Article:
Public Safety Blog

cancel
Showing results for 
Search instead for 
Did you mean: 

Other Boards in This Place

Latest Activity

(59 Posts)
New Contributor III

By Mike King, Director of Emergency Communications – Esri

Twitter @printcop

In July of this year, public safety professionals from around the world descended on San Diego, California to attend Esri’s 4-day National Security and Public Safety Summit. Over 700 commanders and staff came together to share the challenges and successes they’ve had while protecting over the past year.
 
As the conference began, I stood in awe, hand over heart, as the flag of the United States was presented. I listened intently as our national anthem was powerfully sung.  I felt a sense of gratitude at the reverence displayed by our many international colleagues and government leaders in attendance.
 
During a “moment of silence” for those who had lost their lives in the line of duty last year, my mind raced back to personal friends who died in the line of duty. Their deaths and the accompanying heartache felt by comrades and loved ones suddenly raced back and I found myself stirred with deep emotion. I could see the faces of many of the attendees, and they too seemed to be humbly honoring those great heroes from around the world.
 
Once the summit was underway, I saw police officers, firefighters and emergency managers sitting side-by-side, interacting with each other, both during and in-between sessions. Their common mission of public protection powerfully eliminated preconceived misconceptions and personal biases. Together, they were learning from each other, embracing commonalities and solving problems.
 
I marveled at the great work being done globally, like the work of the Lebanese Red Cross who adopted a new GIS strategy to improve ambulance response times.  These efforts are now saving lives and our colleagues in Lebanon are leveraging that investment to improve their mobile web applications for improved data collection and information sharing.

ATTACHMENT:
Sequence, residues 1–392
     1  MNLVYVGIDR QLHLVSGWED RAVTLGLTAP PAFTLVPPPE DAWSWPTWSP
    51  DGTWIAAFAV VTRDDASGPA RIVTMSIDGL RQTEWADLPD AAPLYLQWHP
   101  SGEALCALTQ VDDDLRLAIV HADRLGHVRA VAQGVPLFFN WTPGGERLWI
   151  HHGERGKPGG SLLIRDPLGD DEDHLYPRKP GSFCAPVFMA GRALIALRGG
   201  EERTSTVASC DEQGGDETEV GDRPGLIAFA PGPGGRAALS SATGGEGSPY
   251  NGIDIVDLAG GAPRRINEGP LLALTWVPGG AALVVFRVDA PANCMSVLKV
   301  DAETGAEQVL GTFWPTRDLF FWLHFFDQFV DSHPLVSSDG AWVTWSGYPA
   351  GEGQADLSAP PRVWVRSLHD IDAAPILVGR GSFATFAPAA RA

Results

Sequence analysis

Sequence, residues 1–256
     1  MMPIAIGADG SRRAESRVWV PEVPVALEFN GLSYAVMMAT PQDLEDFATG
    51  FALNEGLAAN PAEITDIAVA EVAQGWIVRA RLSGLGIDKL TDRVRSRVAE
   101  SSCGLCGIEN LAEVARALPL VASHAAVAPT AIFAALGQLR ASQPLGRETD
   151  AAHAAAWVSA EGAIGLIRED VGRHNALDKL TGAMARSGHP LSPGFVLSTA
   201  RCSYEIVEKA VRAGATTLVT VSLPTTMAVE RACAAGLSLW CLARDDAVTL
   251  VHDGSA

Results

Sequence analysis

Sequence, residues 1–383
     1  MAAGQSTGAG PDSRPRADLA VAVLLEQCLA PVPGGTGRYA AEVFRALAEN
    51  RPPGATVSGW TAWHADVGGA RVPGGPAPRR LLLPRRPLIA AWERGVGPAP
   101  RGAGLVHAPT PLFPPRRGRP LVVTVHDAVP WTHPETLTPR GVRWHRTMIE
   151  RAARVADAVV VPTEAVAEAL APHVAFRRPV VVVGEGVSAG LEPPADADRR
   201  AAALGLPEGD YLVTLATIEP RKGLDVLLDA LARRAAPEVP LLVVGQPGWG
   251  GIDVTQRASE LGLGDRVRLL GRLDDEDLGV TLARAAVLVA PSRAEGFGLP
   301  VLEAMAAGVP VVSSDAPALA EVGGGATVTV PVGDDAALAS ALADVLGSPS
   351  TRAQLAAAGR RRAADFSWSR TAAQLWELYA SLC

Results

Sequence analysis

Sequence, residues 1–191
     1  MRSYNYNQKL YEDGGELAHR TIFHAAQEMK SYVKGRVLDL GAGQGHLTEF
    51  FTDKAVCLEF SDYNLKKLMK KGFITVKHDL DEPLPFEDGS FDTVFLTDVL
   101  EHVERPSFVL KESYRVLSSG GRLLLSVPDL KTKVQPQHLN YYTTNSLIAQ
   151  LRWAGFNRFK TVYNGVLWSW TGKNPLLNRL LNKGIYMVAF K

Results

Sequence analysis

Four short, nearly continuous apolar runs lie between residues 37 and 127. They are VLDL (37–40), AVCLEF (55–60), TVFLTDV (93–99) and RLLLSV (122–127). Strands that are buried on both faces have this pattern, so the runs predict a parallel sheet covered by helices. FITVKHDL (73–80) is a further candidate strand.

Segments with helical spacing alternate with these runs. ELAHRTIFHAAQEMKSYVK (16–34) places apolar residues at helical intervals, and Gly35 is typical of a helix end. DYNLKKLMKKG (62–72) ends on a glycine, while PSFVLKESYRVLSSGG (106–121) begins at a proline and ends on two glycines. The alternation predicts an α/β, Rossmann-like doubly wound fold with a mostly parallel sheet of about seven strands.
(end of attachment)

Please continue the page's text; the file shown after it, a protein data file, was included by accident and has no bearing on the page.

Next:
Lebanese RedCross at Esri
 
The summit provided examples of real-world, national security and public safety challenges, like those shared by CEO Brian Fontes of NENA, the National Emergency Number Association. Fontes shared NENA’s newly created national PSAP Registry portal, designed to spatially show all public safety answering points (command & control centers). The Registry will support many of the next generation call-taking efforts.

CEO Brian Fontes of NENA at Esri


 
Other presentations included how U.S. Customs and Border Protection is saving lives through the Missing Migrant Program. This program was designed to save lives along the 4,200 square miles of the Rio Grande Valley and evidence shows that it’s working. 

US Border Patrol

Richard Reed of the FirstNet Authority shared how GIS is used in the rollout of the
first voice and data broadband network dedicated to first-responders and Colonel Volker Kozok showed how the German Armed Forces are using GIS to combat hybrid warfare.
German Armed Forces

 
At one point, I found myself smiling as I reflected on what I was witnessing. It was a true “coming together” of several life-saving disciplines and it included all of the fun-loving banter that exists between first-responders.

 
My personal example goes like this (and sounds like a broken record) as several old firefighter friends approached me with the same humor I’ve heard for 40 years, saying, “Hey King, if you could have scored two more points on your public safety exam, you could have been a fireman too!”  Not to be outdone, and in true form to my law enforcement brotherhood, I simply responded with some of the many reasons why law enforcement is a more noble career, and why we always won the town celebration tug-o’-wars – not just by brawn… but also our brilliance!

Mike King and John Beck at Esri
 
The National Security and Public Safety Summit offered everyone in attendance with a unique balance between visionary leader keynotes, forward-thinking presentations and networking opportunities where attendees could learn about the rapid advances that are occurring globally, including how GIS is influencing and empowering first-responders. Let's continue the conversation in this GeoNet discussion, h
ow will you work to build resilience and collaborate in the new normal?


We want to thank our generous sponsors of the summit which include our gold sponsors: GeoComm, Juvare, Microsoft, and RapidDeploy; and our silver sponsors: BCS, FirstNet, HERE Technologies, and IBM.  If you missed this year’s summit, we will release the proceedings in the coming weeks. Please plan to join us next year at the National Security and Public Safety Summit on July 11-14, 2020 in San Diego. Those registered can also attend the first two days of the Esri International User Conference where more than 19,000 professionals from around the world come together. 

 

more
0 0 903
Esri Contributor

FEMA has combined a number of applications that are part of the FEMA GeoPlatform to create the Hurricane Incident Journal. This story map provides relevant and up-to-date data and tools that provide spatial decision-making support to FEMA leadership. The journal is available to the general public to provide a greater understanding of storm events and a view into the federal information that comes together to inform disaster response.